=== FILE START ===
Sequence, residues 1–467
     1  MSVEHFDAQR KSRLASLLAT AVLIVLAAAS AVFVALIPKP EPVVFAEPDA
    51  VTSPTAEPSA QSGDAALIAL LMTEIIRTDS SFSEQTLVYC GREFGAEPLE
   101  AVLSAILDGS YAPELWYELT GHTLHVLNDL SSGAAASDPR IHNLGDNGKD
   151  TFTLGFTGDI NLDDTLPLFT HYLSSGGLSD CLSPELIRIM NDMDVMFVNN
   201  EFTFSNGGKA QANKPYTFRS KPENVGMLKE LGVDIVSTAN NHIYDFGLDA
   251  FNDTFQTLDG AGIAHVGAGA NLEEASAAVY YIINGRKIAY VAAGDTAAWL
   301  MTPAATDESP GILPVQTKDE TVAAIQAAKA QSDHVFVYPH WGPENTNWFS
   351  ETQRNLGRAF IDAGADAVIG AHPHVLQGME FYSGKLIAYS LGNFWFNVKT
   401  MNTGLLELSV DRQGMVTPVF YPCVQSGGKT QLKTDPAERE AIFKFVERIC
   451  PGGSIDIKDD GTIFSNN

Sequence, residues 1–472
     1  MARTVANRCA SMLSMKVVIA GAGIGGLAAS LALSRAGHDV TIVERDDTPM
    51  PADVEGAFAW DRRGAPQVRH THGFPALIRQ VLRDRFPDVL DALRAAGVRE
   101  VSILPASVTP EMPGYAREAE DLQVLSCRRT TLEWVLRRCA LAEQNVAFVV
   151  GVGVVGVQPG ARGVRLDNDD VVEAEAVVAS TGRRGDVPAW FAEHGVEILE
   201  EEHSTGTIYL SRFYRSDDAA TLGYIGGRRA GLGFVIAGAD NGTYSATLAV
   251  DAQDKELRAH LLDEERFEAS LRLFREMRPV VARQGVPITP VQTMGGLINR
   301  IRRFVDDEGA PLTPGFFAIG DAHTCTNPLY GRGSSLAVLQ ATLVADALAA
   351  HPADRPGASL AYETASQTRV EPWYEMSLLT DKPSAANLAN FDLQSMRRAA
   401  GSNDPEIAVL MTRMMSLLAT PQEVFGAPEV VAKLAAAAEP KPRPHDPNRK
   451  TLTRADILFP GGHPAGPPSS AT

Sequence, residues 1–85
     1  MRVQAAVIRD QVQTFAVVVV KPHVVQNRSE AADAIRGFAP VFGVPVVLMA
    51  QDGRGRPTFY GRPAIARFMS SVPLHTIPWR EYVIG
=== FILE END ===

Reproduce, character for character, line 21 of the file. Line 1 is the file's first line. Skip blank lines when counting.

   401  GSNDPEIAVL MTRMMSLLAT PQEVFGAPEV VAKLAAAAEP KPRPHDPNRK